2 Fixed complexity bounds.

Call the set containing the sets of intervals $S$ and build a graph $G_S$ from $S$ as follows: Each set of intervals $I \in S$ becomes a vertex, and there is an edge between interval set $I$ and interval set $J$ if and only if some interval in $I$ overlaps with some interval in $J$. So for your example, the graph would have three vertices:

$$A = {(1,2),(3,4)}, B = {(1,3)}, C = {(13,14)}$$

And there is an edge from $A$ to $B$ since $(1,2)$ overlaps $(1,3)$.

Now, the number of connected components of $G_S$ gives you the "number of non-pairwise overlapping interval sets" and picking a vertex from each connected component furnishes a solution to your problem.

So back to your example: the connected components are $AB$ and $C$, so you can pick either $A$ and $C$ or $B$ and $C$, as you have said.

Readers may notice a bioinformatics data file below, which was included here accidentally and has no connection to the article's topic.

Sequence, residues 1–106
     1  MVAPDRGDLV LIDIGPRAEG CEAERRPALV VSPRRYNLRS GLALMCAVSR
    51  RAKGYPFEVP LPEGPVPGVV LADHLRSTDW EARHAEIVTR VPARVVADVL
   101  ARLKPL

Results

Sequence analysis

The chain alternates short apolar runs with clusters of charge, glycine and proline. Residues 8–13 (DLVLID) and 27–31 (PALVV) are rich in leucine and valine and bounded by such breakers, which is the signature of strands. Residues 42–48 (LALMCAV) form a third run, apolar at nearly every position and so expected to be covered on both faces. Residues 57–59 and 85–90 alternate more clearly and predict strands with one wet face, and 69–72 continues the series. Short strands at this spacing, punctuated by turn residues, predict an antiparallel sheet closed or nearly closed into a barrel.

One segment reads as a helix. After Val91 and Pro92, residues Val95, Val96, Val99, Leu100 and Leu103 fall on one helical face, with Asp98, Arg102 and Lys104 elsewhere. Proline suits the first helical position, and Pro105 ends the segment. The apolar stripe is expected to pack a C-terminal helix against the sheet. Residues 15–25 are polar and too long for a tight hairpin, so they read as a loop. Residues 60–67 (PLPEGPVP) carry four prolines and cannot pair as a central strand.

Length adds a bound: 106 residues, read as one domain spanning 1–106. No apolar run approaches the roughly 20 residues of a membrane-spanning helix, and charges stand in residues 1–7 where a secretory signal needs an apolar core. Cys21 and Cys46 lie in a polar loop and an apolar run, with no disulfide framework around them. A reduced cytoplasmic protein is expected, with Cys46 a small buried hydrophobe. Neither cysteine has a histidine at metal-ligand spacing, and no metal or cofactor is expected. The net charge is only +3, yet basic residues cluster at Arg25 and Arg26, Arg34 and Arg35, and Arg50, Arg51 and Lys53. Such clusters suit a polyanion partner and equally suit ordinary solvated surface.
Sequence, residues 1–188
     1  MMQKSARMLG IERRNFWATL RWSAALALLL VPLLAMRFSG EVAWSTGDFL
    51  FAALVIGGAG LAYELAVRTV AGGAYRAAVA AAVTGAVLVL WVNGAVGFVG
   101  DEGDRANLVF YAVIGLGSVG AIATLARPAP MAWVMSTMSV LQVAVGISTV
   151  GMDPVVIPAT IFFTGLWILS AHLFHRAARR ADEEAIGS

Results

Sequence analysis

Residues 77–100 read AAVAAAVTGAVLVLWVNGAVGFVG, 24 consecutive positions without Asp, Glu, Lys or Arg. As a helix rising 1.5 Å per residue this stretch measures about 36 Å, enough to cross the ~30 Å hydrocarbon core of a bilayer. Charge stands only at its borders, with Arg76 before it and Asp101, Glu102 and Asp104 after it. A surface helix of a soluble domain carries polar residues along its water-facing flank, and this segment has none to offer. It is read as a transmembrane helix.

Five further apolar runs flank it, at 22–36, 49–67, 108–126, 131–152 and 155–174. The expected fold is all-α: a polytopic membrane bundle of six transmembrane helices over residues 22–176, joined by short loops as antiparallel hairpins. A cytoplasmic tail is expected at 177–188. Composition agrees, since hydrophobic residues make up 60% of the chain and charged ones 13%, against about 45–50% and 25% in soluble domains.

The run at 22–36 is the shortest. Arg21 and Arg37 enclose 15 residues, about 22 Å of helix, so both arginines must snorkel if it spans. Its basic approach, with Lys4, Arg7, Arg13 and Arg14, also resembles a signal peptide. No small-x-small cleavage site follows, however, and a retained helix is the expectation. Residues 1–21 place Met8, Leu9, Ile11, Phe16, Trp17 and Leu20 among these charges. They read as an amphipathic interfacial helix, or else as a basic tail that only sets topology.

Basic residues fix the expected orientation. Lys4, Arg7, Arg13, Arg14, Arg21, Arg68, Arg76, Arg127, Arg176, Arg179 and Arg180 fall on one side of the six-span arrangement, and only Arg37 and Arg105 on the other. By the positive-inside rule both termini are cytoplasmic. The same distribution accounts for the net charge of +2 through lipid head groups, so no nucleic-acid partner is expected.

Regarding efficiency: the worst-case complexity of building this graph is $O(m^2n)$ O(m^2n^2)$where$m$is the cardinality of$S$and$n$is the maximal cardinality of any interval set$I \in S$. 1 Call the set containing the sets of intervals$S$and build a graph$G_S$from$S$as follows: Each set of intervals$I \in S$becomes a vertex, and there is an edge between interval set$I$and interval set$J$if and only if some interval in$I$overlaps with some interval in$J$. So for your example, the graph would have three vertices: $$A = {(1,2),(3,4)}, B = {(1,3)}, C = {(13,14)}$$ And there is an edge from$A$to$B$since$(1,2)$overlaps$(1,3)$. Now, the number of connected components of$G_S$gives you the "number of non-pairwise overlapping interval sets" and picking a vertex from each connected component furnishes a solution to your problem. So back to your example: the connected components are$AB$and$C$, so you can pick either$A$and$C$or$B$and$C$, as you have said. Regarding efficiency: building this graph is$O(m^2n)$where$m$is the cardinality of$S$and$n$is the maximal cardinality of any interval set$I \in S\$.